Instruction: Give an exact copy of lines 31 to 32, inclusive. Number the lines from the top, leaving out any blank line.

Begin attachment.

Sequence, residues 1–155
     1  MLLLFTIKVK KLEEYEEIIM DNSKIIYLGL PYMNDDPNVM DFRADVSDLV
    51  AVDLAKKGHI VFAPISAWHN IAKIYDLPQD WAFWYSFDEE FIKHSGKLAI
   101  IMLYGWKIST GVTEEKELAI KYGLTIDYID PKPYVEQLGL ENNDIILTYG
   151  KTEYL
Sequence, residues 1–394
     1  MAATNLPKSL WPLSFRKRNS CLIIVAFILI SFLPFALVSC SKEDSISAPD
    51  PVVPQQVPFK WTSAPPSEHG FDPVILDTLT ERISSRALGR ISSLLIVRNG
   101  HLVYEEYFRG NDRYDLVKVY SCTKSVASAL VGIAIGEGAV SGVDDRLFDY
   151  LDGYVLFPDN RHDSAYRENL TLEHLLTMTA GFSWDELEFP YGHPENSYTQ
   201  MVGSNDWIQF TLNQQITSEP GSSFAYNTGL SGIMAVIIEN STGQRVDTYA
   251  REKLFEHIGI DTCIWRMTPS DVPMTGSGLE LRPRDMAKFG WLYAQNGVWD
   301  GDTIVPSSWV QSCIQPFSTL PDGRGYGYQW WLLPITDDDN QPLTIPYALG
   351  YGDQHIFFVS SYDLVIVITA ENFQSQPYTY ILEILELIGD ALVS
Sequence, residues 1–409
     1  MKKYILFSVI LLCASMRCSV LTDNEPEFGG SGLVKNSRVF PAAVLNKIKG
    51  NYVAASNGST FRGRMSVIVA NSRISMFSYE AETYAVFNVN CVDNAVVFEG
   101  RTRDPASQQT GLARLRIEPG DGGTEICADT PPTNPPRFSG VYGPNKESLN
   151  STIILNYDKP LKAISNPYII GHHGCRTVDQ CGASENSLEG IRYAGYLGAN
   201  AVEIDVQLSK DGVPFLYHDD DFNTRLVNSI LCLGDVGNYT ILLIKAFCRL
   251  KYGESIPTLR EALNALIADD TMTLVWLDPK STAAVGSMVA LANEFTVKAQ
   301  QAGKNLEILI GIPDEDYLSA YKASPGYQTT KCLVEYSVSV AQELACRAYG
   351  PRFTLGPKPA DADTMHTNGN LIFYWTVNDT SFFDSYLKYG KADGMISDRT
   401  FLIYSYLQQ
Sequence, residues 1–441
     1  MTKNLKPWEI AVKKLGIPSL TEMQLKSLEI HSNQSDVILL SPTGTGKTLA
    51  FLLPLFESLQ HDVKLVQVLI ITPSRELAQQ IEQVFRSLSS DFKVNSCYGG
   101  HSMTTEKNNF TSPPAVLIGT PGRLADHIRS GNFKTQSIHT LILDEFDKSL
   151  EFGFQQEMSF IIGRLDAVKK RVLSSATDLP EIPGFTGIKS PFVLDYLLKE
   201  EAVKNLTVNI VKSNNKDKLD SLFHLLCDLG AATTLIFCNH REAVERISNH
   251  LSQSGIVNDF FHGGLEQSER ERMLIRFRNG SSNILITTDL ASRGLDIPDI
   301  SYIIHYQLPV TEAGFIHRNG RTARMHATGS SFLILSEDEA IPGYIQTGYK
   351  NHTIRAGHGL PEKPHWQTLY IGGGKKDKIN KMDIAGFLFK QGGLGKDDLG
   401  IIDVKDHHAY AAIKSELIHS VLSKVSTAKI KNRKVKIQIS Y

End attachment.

   251  LSQSGIVNDF FHGGLEQSER ERMLIRFRNG SSNILITTDL ASRGLDIPDI
   301  SYIIHYQLPV TEAGFIHRNG RTARMHATGS SFLILSEDEA IPGYIQTGYK